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Sunday, December 6, 2009

Rochester City School District Is Rocked By Scandal When Damaging Audit Information is Leaked to the Press

Robert Freeman, Executive Director, Committee on Open Government

The Rochester Board of Education is shocked at the leak of an audit that has damaging information of the City School District financial practices over the past seven years.

Hmmmm...[the BOE members] "doth protest too much, methinks" (Shakespeare's Hamlet, Act III, Sc. 2)

Can this person who leaked the information please come to New York City? We need some leaking here.

Betsy Combier

Malik Evans, President of the Rochester Board of Education

December 4, 2009
Rochester school board seeks probe of audit leak
Nestor Ramos, Staff writer, Democrat and Chronicle

Rochester school board members will request a state investigation into how a draft of a damaging audit landed in the hands of the Democrat and Chronicle.

The board will send two letters to top state officials urging them to find out who leaked the audit, which includes broad criticisms of City School District financial practices over the past seven years. If the breach was a board member's, one letter read, it constitutes an act of official misconduct.

But the executive director for the state Committee on Open Government said much of the audit report was likely public under state law anyway, and scoffed at the notion that any laws were broken.

Board members Thursday expressed dismay over the leak.

"I was shocked to see that a report that I had received within the last 24 hours was already in the headlines," said board member Van White(pictured at left).

"If the actions were those of a board member, we believe your office must be involved," the board's letter to state education Commissioner

David Steiner Takes Oath as Education Commissioner at Albany's Pine Hills Elementary School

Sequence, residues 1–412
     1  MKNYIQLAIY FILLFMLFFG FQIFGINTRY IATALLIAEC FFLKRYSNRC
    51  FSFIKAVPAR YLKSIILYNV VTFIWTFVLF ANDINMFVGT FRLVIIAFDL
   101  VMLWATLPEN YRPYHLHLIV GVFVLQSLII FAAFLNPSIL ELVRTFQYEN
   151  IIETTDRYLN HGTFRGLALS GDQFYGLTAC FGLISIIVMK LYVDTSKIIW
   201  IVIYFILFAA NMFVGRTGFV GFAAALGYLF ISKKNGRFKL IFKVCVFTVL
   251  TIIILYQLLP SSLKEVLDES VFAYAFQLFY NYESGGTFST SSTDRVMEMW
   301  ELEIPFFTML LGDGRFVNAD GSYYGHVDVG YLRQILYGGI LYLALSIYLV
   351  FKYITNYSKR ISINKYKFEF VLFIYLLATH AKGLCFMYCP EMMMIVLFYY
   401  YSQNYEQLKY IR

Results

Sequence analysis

David Steiner reads. The other letter, to state Comptroller Thomas DiNapoli, requests that he provide any information available about who leaked the report.

White and Willa Powell, along with board President Malik Evans and Melisza Campos, voted to send the letters and to discuss the matter with the district's outside lawyers. Cynthia Elliott voted against both motions.

Details of the audit were first reported Tuesday afternoon by the Democrat and Chronicle.

White said whoever leaked the audit was "violating, at the very least, what the comptroller asked us to do, and possibly ... violating the law."

But Robert Freeman, executive director for the state Committee on Open Government, said much of the draft audit would have been required to be disclosed under the state freedom of information law anyway.

"There is little in this document that could justifiably have been withheld," Freeman said. "There's nothing in the law that makes any aspect of this confidential."

Lawrence Tenenbaum, a partner at Jaspan Schlesinger LLP in Garden City who has experience with New York education law, said the state education commissioner has the ability to remove a board member for misconduct.

"There was a decision by the commission of education a few years ago ... where the commissioner chastised a board member for disclosing information that was confidential and (arose) during an executive session," said Tenenbaum, who noted that he was unfamiliar with the specifics of the Rochester situation or local regulations.

While Freeman agreed that there are some circumstances where disclosing information constitutes a crime, he said this isn't one of them.

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